I need to blog more. I say this 100 times a year, I know. I have a lot to say but very little time to say it. Not blogging is on my top ten list of stresses (#firstworldproblems). But, now, I need to work. (And therein lies the problem.)
In the meantime, please read Patrick Stewart’s fantastic post in the Guardian: Domestic violence blighted my home. That’s why I support Refuge
I grew up in a home darkened by domestic violence – which I wrote about two years ago. My father was an angry and unhappy man who was not able to control his emotions, or his hands. I witnessed violence against my mother and felt powerless to stop it. When Refuge, the national domestic violence charity, asked me to become a patron, I accepted without hesitation. I accepted for my mother. As a child, there was little I could do to help her. But now I can give support and encouragement to women who live in the same sort of fear that she did.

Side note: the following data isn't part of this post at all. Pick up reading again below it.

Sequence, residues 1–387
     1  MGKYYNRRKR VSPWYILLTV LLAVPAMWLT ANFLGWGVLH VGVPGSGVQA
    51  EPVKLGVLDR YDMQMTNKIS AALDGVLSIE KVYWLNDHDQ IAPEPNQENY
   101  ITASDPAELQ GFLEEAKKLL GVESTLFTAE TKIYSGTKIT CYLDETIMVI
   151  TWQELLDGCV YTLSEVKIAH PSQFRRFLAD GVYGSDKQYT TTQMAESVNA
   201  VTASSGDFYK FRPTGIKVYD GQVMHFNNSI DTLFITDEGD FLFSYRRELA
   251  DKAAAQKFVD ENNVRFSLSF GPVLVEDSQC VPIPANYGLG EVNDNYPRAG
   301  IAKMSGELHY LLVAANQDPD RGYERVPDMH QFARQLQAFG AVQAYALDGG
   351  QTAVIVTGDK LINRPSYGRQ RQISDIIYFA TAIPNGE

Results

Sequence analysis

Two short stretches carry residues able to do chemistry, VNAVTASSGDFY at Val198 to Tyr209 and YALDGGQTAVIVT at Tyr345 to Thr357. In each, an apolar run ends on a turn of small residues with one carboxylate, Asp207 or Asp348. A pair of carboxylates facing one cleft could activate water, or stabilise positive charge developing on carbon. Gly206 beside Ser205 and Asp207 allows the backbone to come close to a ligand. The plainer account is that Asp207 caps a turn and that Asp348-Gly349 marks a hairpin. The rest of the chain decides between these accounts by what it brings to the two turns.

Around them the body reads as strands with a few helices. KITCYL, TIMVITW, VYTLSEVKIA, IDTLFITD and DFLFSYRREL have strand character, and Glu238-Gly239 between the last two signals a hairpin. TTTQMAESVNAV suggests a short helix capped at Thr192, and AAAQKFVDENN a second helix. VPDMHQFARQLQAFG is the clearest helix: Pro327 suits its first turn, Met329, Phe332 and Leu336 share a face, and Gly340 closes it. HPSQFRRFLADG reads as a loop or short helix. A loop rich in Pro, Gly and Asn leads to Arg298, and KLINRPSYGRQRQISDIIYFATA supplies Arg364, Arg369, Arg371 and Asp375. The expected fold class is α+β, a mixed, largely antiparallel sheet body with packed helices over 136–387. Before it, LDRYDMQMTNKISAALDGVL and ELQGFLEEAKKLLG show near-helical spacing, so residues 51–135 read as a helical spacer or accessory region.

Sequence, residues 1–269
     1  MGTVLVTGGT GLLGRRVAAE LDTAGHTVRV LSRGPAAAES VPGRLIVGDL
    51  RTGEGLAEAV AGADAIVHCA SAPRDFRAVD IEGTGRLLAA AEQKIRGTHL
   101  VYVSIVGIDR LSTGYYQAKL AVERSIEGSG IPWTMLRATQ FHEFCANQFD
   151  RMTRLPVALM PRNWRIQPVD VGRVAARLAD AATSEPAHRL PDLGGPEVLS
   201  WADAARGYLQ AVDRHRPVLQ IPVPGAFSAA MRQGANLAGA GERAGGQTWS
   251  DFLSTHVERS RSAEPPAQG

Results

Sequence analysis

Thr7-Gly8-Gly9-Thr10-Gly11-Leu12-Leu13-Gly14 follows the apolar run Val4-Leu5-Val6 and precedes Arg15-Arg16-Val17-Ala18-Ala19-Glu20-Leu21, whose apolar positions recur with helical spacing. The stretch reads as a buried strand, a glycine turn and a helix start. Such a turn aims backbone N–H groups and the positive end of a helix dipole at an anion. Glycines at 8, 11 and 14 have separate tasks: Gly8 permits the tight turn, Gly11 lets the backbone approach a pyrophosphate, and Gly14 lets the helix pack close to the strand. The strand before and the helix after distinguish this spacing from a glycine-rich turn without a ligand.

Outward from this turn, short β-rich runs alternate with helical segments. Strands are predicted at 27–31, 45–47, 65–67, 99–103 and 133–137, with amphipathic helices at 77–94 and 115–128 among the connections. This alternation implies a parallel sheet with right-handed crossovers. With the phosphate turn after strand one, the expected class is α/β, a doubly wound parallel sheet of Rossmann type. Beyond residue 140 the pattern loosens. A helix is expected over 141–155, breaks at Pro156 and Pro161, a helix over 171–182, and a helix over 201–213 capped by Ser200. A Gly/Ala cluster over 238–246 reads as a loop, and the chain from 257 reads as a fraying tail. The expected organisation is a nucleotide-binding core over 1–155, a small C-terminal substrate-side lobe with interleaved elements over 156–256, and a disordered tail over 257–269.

The impact of these cuts will be devastating. The financial footing of women’s charities has been shaky for many years; now it is in real danger of slipping into the abyss. Let me be quite clear about what is at stake here. Without services such as refuges, more women and children will be trapped in violent relationships. Domestic violence rarely peters out. On the contrary, abuse tends to escalate over time. If they can’t get help – preferably at the earliest opportunity – their stories may well have the most tragic of conclusions.
My mother had no escape route. There were no refuges she could run to; no helplines to call; no advocates to speak out for her. No one came to help, even though everyone knew what was happening behind our closed doors. The small houses in our road were close together, and every Monday morning I walked to school with a bowed head, praying that I wouldn’t run into a neighbour who had heard the weekend’s rows. The police, when they were called, were little help. I remember hearing them say things like “She must have provoked him”, or “Well, Mrs Stewart, it takes two to make a fight”. They had no idea. My mother did nothing to provoke the violence she endured – even if she had, violence is an unacceptable way of dealing with conflict.